After the high school panels finish their work, the education commissioners from the eight PARCC governing board states (including Colorado) will meet to review the recommended cut scores. The commissioners can make changes. Higher education executives from the states also will review the cut scores on high school tests.

The education commissioners will meet again Sept. 9 to review the middle and elementary school cut points.

Public release of scores, including parent reports similar to the one pictured above, will come in late fall or early winter, PARCC officials said Wednesday. In future years results should be available in June or July.

Colorado uses test scores, plus growth data based on multiple years of scores, as part of the system that rates schools and districts. A law passed by the 2015 legislature created a one-year timeout in the accreditation system, so PARCC scores from last spring won’t be used to rate schools and districts next year.

The state’s non-PARCC tests for science and social studies use four performance levels – distinguished, strong, moderate and limited. Students with distinguished or strong command are considered to be ready for college work, or for the next grade.

The State Board of Education will have to fine-tune the existing accreditation system in order to account for PARCC’s five performance levels.

Scores in

After a wild testing year, Tennessee student scores mostly dip — but there are a few bright spots

PHOTO: Getty Images/Sathyanarayan

Student test scores were mostly flat or dipped this year in Tennessee, especially in middle school where performance declined in every subject, according to statewide data released on Thursday.

But there were a few bright spots, including improvement in elementary school English and high school math — both areas of emphasis as the state tries to lift its proficiency rates in literacy and math.

Also, performance gaps tightened in numerous subjects between students in historically underserved populations and their peers. And scores in the state’s lowest-performing “priority” schools, including the state-run Achievement School District, generally improved more than those in non-priority schools.

But in science, students across the board saw declines. This was not expected because Tennessee has not yet transitioned to new, more difficult standards and a new aligned test for that subject. Education Commissioner Candice McQueen said the drops reinforce the need to support science teachers in the shift to higher expectations beginning this fall.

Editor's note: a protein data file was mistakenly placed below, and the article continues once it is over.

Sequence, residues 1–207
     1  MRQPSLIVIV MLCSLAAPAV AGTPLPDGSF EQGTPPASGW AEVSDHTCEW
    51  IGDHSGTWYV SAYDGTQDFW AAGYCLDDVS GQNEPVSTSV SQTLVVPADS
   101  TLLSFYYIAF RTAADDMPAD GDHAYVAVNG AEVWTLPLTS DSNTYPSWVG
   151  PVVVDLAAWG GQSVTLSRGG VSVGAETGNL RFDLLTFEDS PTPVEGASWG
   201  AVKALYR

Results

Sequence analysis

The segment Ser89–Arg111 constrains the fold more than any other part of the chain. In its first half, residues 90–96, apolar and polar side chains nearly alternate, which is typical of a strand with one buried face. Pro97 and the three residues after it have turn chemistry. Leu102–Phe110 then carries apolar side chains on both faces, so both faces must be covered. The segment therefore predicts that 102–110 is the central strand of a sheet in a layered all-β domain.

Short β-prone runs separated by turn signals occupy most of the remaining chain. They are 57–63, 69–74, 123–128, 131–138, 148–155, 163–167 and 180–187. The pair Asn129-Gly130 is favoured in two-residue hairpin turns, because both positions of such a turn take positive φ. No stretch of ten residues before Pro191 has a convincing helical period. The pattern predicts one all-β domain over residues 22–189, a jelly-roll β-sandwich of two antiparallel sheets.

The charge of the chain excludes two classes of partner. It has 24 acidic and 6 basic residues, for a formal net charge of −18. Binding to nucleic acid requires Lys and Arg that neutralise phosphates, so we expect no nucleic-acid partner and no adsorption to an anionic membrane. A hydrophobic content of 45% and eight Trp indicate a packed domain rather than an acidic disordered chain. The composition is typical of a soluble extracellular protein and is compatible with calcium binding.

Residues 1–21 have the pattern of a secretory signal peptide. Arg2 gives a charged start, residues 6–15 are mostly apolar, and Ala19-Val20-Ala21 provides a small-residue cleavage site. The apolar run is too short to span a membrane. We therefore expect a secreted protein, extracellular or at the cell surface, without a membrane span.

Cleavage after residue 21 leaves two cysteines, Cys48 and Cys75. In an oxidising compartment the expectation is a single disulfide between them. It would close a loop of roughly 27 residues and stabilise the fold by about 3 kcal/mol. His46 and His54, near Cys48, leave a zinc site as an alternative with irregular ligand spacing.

The mixed results come in the third year of the state’s TNReady test, which measures learning based on academic standards that have undergone massive changes in the last five years. The 2017-18 school year was the first under new math and English standards that are based on the previous Common Core benchmarks but were revised to be Tennessee-specific. And in addition to new science standards that kick off this fall, new expectations for social studies will reach classrooms in the 2019-20 school year.

In an afternoon press call, McQueen said “stability matters” when you’re trying to move the needle on student achievement.

“It takes time to really align to the full depth and breadth of these expectations,” she said.

The three charts below illustrate, by subject, the percentage of students statewide who performed on track or better, both this year and last year, in elementary, middle, and high schools. The blue bars reflect the most recent scores.

McQueen acknowledged the good and bad from this year’s results.

“While we’ve focused extensively on early grade reading and are starting to see a shift in the right direction, we know middle school remains a statewide challenge across the board,” she said in a statement.

Tennessee’s data dump comes after a tumultuous spring of testing that was marred by technical problems in the return to statewide computerized exams. About half of the 650,000 students who took TNReady tested online, while the rest stuck with paper and pencil. Online testing snafus were so extensive that the Legislature — concerned about the scores’ reliability — rolled back their importance in students’ final grades, teachers’ evaluations, and the state’s accountability system for schools.

However, the results of a new independent analysis show that the online disruptions had minimal impact on scores. The analysis, conducted by a Virginia-based technical group called the Human Resources Research Organization, will be released in the coming weeks.

Even so, one variable that can’t be measured is the effect of the technical problems on student motivation, especially after the Legislature ordered — in the midst of testing — that the scores didn’t have to be included in final grades.

“The motivation of our students is an unknown we just can’t quantify. We can’t get in their minds on motivation,” McQueen told Chalkbeat on the eve of the scores’ release.